The adage that the third term is the premiership quarter was never more apt in this tight affair and Butters produced the best possible start taking a fine mark running back with the flight to kick his fourth to see the Tigers regain the lead. Buller was then left unattended 30 metres out and duly converted to give the Tigers a mini buffer. It was nip and tuck with mistakes occurring more readily due to some outstanding pressure by both teams. Peel nabbed back the lead in this fantastic ebb and flow contest when Ben Middleton kicked his third. The key forward was shaping as a match winner when he made the most of a pin-point kick from Egan and duly kicked his fourth major for the game. You could really notice the confidence in Peel’s play and there was no greater example than Middleton. He kicked his fifth for the game from right on fifty metres and Peel had their biggest lead of the contest, that being 14 points. The big question was if the Tigers had enough left in the tank to make one last push, or whether the favourites taken the Tigers best shot. What was certain was that the final 25 minutes of the season would be a fascinating one.
The Tigers started on the front foot showing everyone that they had something left in the tank by kicking two quick goals through Schuhkraft and Charlie Malone to cut the margin to two points. Connor Heuer responded for Peel to push the lead beyond a goal but once again the Tigers responded and it was Jye Clark with a quick snap.
It was certainly looking like the Tigers now had the momentum behind them and Malone was stepping up to the mark like good key forwards do. He produced a close range snap which was, the Tigers fourth in the term and gave them back the lead. There was enough time for Peel to hit back and Thorne hit back courtesy of a high free kick. Amazingly, there was another twist and with nerves of steel belying his age, Anthony Davis kicked his first of the game with two and a half minutes left on the clock and suddenly it was the Tigers game to lose. While it was the third lead change in ten minutes, there was still time for some late drama. Peel conjured up a centre break and stormed the ball inside 50. As the clocked ticked inside the 25th minute, you had an inkling there would be a hero in an attacking or defensive sense.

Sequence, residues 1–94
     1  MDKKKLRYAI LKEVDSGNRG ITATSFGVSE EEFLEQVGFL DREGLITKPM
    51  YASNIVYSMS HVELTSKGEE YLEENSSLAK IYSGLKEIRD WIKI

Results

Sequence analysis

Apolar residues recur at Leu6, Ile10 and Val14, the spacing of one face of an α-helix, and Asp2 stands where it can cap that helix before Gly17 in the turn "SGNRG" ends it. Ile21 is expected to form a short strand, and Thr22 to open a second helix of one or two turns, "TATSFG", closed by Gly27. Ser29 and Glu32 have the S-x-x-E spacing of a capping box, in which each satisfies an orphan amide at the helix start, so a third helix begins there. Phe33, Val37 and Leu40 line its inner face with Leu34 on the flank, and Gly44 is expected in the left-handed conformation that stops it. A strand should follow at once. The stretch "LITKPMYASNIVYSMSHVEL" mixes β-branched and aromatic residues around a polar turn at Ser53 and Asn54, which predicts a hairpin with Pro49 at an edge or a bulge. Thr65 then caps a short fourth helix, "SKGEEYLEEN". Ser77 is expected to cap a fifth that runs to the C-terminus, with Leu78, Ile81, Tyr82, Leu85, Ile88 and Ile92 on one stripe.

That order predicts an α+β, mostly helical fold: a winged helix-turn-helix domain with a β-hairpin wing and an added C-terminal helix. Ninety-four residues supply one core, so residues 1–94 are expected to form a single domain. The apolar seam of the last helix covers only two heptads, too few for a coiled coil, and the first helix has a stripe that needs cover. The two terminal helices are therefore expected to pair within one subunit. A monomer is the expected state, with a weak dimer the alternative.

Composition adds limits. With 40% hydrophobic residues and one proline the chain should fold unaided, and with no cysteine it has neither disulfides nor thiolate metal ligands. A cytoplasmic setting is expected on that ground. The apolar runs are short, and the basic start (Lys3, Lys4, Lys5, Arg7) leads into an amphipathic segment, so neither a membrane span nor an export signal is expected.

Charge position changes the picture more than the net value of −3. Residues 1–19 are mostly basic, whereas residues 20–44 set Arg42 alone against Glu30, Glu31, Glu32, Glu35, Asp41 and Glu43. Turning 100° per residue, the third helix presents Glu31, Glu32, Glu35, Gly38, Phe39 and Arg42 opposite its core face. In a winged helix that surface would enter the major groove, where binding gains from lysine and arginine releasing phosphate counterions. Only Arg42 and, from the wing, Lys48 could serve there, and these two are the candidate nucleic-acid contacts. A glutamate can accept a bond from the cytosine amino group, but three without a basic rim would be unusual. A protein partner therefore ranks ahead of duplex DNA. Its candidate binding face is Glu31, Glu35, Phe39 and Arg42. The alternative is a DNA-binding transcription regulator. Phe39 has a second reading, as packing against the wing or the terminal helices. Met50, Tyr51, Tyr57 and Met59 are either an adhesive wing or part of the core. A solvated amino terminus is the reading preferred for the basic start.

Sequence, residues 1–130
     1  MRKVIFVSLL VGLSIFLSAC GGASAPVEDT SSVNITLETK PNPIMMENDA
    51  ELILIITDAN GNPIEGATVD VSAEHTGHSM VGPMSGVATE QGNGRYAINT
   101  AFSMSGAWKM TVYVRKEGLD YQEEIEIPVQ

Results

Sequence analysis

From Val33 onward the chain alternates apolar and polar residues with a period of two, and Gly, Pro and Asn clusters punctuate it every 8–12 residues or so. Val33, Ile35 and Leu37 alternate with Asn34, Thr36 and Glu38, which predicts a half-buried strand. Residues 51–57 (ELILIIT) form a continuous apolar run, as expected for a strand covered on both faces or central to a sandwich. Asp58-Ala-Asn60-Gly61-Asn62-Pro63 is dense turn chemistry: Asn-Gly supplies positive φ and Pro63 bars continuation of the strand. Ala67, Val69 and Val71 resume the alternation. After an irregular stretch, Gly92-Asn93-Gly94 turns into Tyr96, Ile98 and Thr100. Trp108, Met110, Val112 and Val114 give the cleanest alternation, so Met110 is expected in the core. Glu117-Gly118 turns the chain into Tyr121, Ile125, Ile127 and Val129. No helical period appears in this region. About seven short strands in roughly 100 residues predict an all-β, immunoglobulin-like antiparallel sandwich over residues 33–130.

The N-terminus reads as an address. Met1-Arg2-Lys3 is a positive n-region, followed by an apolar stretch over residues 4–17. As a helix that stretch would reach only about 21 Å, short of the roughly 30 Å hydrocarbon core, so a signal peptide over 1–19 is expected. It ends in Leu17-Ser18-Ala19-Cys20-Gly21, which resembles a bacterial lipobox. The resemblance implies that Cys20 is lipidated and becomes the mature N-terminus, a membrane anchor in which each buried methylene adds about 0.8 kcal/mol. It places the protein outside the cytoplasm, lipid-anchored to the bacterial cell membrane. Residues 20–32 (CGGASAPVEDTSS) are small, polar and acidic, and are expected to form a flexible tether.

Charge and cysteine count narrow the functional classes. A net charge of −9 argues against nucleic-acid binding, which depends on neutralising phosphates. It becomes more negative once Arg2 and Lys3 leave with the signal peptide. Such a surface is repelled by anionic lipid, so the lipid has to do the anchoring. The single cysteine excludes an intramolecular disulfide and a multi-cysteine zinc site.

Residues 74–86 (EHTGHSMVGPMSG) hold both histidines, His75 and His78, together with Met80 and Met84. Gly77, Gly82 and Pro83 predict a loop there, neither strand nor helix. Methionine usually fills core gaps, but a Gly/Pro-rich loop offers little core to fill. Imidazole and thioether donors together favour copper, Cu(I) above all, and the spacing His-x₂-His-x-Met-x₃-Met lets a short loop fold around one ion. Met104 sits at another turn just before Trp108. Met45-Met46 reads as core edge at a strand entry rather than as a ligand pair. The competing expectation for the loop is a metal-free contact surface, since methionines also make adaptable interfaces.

And it came courtesy of the latter with an outstanding piece of play by Tigers defender Leno Thomas in smothering a goalbound kick by Jonathan Ietto in the forward pocket which then ricocheted for a throw-in. It was one of those moments that will go down in club folklore for certain. A few seconds later, the siren went and it was jubilation for the Tigers and absolute devastation for the minor Premiers whose wait for another Colts premiership goes on. It might be scant consolation for the Thunder but once again, the Colts grand final was the best game on the showcase day for WA footy.
In a sign that you don’t need big numbers to have a quality game of footy, the overall disposal numbers were reasonably low (263-240 in Claremont’s favour). Inside 50s were understandably close (43-40 Tigers) but Peel had more scoring shots (22-17). It was also a testament to the closeness of the contest that the margin did not exceed 15 points throughout the four quarters.
Tigers midfielder Jack Cooley was the deserving winner of the Mel Whinnen medal for best player afield with 33 disposals, seven tackles, seven inside 50s and five tackles. Western was not as flashy as normal but displayed another side to his game by distributing by hand with 17 handballs and 23 disposals in total along with six tackles. Butters may have only had seven disposals, but his impact was incredibly telling to the end result with four goals and Malone was magnificent in the last quarter with two goals and had 11 disposals and three marks for the game. For the Thunder, Tyrone Thorne was involved in everything good that Peel produced for the game where he had 22 disposals, eight tackles three inside 50s and two marks. Middleton was absolutely magnificent as a leading target with five goals, five marks and four inside 50s to go with eleven disposals while Zachary Rankin was tenacious with 16 disposals, six marks, six tackles and five inside 50s.
The hard work is not done for a lot of these youngsters with the various draft combines taking place. For those who are selected, the sky will be the limit. And while there will be disappointment for those who miss out, there are plenty of examples of players who go through adversity and come out a lot stronger for the experience.